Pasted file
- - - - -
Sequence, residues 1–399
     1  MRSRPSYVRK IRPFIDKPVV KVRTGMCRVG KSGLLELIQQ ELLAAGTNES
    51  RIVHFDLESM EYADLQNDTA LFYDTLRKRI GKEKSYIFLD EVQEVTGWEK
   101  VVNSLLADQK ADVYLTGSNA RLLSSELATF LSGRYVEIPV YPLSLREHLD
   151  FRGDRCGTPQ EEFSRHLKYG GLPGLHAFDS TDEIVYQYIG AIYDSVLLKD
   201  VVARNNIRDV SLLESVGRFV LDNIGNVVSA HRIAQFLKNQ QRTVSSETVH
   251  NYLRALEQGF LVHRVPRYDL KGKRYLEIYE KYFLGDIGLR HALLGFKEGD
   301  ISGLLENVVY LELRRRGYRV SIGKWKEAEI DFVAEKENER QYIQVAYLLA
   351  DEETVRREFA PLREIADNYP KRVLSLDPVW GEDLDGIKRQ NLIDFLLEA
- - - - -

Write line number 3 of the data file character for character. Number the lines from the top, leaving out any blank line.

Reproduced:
    51  RIVHFDLESM EYADLQNDTA LFYDTLRKRI GKEKSYIFLD EVQEVTGWEK